I direct research and design at Stanford University's Persuasive Technology Lab. We create insight into how computing products--from websites to mobile phone apps--can be designed to change people's behaviors. I started investigating computers and persuasion in 1993 and later realized this topic had no name, so I gave it one: captology. Today, I don’t use the word captology very much. Instead, my lab’s focus is on what we call “behavior design.”
My lab's major projects include tech for creating health habits, mobile persuasion, physical activity. We also create conferences on topics we think important. See, for example, Mobile Health. Our previous lab projects have included online video to persuade people, online credibility, and more.
My lab’s current focus is what we call “changing together.” We are exploring how individuals can achieve lasting change by tapping into the power of social. This topics is bigger, more complicated, and more important than most people think. That’s why we are taking it on. This is a hard puzzle with important implications.
My lab is located at Stanford's Center for the Study of Language and Information and affiliated with Stanford’s H-STAR. My lab team includes 10 people from diverse backgrounds. We meet every Thursday evening.
My current appointment is as a consulting faculty in Stanford’s Graduate School of Education. I teach students from all over campus, mostly graduate students, though I welcome smart and motivated undergrads too.
Below you’ll find some bits and pieces about previous work in my lab. It’s not exhaustive.
Persuading via Mobile Phones
I’ve long been interested in how mobile phones can be platforms for persuasion. Early in 2007 our lab organized the first Mobile Persuasion conference. We sold out the event. We then put together a book entitled Mobile Persuasion: 20 Perspectives on the Future of Behavior Change. This book has short, insightful chapters from over 20 authors. Extending our work on mobile persuasion, my lab also created and hosted an event called “Texting 4 Health.” Again, we created an edited volume: Texting 4 Health: A Simple, Powerful Way to Change Lives. This book brings together the best ideas about texting and health in 15 easy-to-read chapters.
Persuasion in Social Networks
In my Stanford lab we’re also studying the psychology of Facebook -- what makes it compelling, what persuades people to install apps, and what motivates them to continue using the service. As part of this project in Fall 2007 I created a course about Facebook apps (taught with Dave McClure).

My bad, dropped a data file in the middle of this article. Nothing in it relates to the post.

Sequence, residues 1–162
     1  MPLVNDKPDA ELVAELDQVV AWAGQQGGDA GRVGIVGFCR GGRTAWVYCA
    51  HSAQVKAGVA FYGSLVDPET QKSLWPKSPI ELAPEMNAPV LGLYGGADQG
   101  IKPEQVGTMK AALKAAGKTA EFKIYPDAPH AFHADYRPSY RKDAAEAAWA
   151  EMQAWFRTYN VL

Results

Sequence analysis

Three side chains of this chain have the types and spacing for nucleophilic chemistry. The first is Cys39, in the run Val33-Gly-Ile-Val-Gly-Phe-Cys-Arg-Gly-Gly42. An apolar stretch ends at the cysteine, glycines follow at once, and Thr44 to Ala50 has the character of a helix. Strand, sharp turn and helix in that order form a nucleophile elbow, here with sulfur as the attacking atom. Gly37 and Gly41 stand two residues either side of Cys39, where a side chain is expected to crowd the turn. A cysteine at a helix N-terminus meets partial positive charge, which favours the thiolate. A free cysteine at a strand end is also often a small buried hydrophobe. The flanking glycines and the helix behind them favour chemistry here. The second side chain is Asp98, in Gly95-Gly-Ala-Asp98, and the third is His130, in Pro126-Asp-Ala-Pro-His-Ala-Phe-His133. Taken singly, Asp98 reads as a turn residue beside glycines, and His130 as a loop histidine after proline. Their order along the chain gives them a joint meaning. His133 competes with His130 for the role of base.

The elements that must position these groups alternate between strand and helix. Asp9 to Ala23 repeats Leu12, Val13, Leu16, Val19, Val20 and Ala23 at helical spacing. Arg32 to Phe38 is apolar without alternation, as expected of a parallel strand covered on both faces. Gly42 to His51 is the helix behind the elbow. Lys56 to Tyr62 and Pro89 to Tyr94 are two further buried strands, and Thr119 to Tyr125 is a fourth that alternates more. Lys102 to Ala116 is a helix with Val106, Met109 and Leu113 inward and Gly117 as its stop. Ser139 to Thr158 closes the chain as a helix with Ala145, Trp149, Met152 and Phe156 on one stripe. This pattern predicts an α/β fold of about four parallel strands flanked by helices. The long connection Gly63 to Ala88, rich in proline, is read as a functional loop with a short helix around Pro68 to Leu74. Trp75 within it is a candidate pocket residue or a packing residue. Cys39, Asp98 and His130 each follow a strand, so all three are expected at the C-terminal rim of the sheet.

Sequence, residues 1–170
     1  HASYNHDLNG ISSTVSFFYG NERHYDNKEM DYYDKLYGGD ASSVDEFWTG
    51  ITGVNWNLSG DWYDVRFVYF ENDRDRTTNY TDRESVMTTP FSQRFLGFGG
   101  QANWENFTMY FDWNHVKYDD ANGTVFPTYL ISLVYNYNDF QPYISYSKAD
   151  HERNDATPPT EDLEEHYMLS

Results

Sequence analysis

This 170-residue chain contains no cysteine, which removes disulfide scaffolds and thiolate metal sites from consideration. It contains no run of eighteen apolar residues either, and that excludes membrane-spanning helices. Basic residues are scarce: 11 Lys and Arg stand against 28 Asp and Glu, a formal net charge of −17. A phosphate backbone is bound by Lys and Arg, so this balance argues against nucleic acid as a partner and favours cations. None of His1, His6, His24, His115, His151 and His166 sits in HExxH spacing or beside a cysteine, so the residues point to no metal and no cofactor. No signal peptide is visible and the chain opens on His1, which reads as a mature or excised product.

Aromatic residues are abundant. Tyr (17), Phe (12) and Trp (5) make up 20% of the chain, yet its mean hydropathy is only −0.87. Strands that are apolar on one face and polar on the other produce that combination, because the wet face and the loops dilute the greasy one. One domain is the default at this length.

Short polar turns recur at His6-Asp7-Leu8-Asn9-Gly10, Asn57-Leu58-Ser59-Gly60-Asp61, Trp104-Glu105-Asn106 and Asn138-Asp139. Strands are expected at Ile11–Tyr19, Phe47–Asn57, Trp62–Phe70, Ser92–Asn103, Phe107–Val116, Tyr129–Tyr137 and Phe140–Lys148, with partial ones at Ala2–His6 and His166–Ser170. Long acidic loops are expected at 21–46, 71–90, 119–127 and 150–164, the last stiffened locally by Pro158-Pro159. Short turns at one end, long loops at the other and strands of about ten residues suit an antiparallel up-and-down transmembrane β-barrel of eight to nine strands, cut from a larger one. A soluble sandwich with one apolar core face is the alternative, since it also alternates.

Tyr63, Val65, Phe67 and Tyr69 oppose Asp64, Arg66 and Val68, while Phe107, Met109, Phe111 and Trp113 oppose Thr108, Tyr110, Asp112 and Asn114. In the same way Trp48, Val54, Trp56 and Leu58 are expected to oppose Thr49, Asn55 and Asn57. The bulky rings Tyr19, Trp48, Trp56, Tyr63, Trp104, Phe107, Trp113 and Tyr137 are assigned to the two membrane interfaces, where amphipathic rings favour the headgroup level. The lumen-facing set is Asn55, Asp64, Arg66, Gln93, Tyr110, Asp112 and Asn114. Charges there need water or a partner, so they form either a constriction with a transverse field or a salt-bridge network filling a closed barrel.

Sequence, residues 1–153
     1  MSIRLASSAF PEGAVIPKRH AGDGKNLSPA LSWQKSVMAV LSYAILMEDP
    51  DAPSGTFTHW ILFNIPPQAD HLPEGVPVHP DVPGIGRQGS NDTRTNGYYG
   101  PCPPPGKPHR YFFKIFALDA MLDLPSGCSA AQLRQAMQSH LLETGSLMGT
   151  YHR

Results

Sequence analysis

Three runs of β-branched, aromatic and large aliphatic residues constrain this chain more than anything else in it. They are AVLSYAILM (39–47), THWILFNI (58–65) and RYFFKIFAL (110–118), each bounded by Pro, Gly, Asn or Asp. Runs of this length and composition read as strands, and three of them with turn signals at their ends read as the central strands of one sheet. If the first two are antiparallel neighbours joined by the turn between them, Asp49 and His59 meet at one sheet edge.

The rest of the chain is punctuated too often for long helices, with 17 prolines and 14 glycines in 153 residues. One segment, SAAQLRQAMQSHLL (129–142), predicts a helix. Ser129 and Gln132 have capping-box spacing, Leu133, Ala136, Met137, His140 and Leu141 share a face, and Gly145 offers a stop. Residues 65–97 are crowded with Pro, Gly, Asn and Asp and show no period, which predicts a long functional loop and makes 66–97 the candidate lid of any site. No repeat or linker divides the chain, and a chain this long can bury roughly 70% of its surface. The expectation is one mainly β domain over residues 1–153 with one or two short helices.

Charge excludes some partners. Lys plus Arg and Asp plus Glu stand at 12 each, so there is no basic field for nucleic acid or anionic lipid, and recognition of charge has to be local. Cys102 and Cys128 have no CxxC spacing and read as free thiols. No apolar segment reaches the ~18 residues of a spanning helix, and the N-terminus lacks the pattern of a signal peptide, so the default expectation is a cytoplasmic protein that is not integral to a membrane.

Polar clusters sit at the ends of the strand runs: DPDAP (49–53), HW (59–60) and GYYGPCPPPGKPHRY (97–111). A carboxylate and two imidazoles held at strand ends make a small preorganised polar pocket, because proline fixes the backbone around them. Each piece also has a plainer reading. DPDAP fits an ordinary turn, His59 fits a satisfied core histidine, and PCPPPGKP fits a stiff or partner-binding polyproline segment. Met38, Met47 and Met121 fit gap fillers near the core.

In 2008 and 2009, I created two other new classes related to social networks: “Psychology of Facebook” and “Facebook for Parents.” These classes are quite different, but the underlying theme is the same: how social networks like Facebook can be platforms for persuasion. Because of social media, the old methods of persuading people are breaking. The new methods depend on social distribution and five other factors I describe in this paper about Mass Interpersonal Persuasion.
My Book on Persuasive Technology
My book is the most efficient way to learn more about captology. The title is Persuasive Technology: Using Computers to Change What We Think and Do. The easiest way to get this book is buy it on Amazon (that’s what I do when I need new copies). I'm pleased that experts in psychology, design, and human-computer interaction have praised the book, saying it is "powerful," "important," and a "must read." For more information, see my old book website.
Persuading with Web Video
The third important tech channel for persuasion is web video. To create insight on this topic, I organized a Stanford conference to bring experts together. I later created a new course called “Persuasive Online Video,” which I taught in Spring of 2009 with Enrique Allen.
In my industry work and at Stanford, I’ve found that online video has remarkable power to change people’s beliefs and behaviors. The frustrating part is that the tools for web video -- creating, distributing, and measuring -- are still emerging. You can expect video to become even more important in persuasion once we have better tools for targeted distribution, A/B testing, and real-time metrics.
Another focus in my lab is what we call "peace innovation." We're investigating how technology can help change attitudes and behaviors in ways that bring about global harmony. We know this is an idealistic project, and we may fail. But given the state of the world, choosing not to pursue this line of research would be irrational. I created a Stanford course on Peace Innovation, and I was pleased with how the students performed. We’ve starting solving a big piece of the puzzle: creating simple and reliable methods to measure peace-related outcomes.
Computer Science Department Previously, I taught most of my classes at Stanford as a member of the consulting faculty in Computer Science. My courses always focused on some new aspect of persuasive technology.